Journal Article

Efficient Lane Detection Using Deep Lane Feature Extraction Method

2017-09-23
Abstract In this paper, an efficient lane detection using deep feature extraction method is proposed to achieve real-time lane detection in diverse road environment. The method contains three main stages: 1) pre-processing, 2) deep lane feature extraction and 3) lane fitting. In pre-processing stage, the inverse perspective mapping (IPM) is used to obtain a bird's eye view of the road image, and then an edge image is generated using the canny operator. In deep lane feature extraction stage, an advanced lane extraction method is proposed. Firstly, line segment detector (LSD) is applied to achieve the fast line segment detection in the IPM image. After that, a proposed adaptive lane clustering algorithm is employed to gather the adjacent line segments generated by the LSD method. Finally, a proposed local gray value maximum cascaded spatial correlation filter (GMSF) algorithm is used to extract the target lane lines among the multiple lines.
Journal Article

2-D CFAR Procedure of Multiple Target Detection for Automotive Radar

2017-09-23
Abstract In Advanced Driver Assistant System (ADAS), the automotive radar is used to detect targets or obstacles around the vehicle. The procedure of Constant False Alarm Rate (CFAR) plays an important role in adaptive targets detection in noise or clutter environment. But in practical applications, the noise or clutter power is absolutely unknown and varies over the change of range, time and angle. The well-known cell averaging (CA) CFAR detector has a good detection performance in homogeneous environment but suffers from masking effect in multi-target environment. The ordered statistic (OS) CFAR is more robust in multi-target environment but needs a high computation power. Therefore, in this paper, a new two-dimension CFAR procedure based on a combination of Generalized Order Statistic (GOS) and CA CFAR named GOS-CA CFAR is proposed. Besides, the Linear Frequency Modulation Continuous Wave (LFMCW) radar simulation system is built to produce a series of rapid chirp signals.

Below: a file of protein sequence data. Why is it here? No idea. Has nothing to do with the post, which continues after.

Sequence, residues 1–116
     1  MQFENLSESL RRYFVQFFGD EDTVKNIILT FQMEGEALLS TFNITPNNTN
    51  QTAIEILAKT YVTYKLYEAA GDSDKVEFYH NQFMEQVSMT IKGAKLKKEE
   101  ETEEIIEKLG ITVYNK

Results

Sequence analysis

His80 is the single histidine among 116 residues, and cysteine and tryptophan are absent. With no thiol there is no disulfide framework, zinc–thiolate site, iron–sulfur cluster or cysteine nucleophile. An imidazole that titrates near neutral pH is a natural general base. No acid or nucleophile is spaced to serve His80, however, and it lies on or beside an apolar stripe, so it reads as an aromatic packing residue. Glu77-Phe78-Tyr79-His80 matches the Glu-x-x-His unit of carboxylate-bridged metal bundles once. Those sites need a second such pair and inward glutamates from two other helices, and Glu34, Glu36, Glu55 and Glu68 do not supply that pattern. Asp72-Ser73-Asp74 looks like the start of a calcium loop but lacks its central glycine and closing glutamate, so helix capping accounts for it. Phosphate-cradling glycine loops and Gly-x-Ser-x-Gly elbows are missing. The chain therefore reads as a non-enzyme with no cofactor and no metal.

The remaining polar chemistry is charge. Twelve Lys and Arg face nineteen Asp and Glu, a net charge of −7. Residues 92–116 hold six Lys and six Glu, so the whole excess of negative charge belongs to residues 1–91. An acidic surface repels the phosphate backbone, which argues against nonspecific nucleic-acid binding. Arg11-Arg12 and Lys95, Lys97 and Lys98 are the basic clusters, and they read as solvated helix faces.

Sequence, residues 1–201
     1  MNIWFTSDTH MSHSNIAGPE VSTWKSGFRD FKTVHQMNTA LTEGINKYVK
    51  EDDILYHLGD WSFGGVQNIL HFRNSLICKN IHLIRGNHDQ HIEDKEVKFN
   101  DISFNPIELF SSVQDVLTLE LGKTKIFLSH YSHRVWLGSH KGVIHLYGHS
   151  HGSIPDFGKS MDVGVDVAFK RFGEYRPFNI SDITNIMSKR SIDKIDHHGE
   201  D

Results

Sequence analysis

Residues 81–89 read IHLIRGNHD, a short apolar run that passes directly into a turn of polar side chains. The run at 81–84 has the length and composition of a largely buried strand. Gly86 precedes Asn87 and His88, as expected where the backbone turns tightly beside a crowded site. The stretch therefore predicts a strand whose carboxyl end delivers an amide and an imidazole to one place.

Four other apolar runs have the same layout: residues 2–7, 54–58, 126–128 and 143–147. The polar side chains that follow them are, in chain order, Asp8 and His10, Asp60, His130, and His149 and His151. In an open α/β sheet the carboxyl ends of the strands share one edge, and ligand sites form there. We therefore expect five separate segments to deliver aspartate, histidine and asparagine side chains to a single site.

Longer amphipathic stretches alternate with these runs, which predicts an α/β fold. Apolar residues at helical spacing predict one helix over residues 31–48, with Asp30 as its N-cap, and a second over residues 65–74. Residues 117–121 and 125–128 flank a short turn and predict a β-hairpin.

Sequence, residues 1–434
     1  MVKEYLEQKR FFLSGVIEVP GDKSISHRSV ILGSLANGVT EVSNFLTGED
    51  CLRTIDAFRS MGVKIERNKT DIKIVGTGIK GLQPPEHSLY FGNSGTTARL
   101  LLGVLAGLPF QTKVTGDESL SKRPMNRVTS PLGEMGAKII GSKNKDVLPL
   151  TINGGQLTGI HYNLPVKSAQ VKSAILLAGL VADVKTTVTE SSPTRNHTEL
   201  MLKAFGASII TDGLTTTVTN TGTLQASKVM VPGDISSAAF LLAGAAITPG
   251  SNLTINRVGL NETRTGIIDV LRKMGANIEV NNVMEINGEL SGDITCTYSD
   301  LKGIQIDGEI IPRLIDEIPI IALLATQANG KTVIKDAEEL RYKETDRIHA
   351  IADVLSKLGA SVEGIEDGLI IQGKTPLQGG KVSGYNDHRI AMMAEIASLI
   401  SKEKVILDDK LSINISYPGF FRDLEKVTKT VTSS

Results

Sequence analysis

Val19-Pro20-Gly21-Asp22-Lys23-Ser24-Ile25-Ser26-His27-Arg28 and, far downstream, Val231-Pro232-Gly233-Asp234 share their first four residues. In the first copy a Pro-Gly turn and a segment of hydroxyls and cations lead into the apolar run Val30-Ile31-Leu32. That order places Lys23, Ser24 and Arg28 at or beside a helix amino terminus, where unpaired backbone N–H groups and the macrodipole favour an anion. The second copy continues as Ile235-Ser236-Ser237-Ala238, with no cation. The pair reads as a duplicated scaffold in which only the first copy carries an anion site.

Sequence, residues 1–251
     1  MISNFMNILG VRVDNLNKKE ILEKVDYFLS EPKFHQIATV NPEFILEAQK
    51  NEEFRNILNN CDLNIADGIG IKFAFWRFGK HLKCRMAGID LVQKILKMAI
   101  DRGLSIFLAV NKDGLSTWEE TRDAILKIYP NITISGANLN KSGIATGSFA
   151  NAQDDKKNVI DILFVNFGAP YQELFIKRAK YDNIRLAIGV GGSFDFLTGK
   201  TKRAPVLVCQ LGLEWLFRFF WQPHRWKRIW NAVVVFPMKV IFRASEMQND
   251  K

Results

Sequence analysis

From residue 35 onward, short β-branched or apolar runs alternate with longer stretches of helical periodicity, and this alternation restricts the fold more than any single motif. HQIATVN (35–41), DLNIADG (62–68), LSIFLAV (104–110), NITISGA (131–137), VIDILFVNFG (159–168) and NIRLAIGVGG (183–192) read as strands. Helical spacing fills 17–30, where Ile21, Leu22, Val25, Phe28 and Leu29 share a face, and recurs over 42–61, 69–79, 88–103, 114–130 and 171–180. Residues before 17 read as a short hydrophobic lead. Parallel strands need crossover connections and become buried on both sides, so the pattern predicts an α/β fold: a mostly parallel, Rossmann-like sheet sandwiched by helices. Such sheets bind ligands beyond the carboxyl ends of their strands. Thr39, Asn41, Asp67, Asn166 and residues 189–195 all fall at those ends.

Journal Article

Development of a New Neutral Coasting Control Utilizing ADAS and GPS

2019-01-23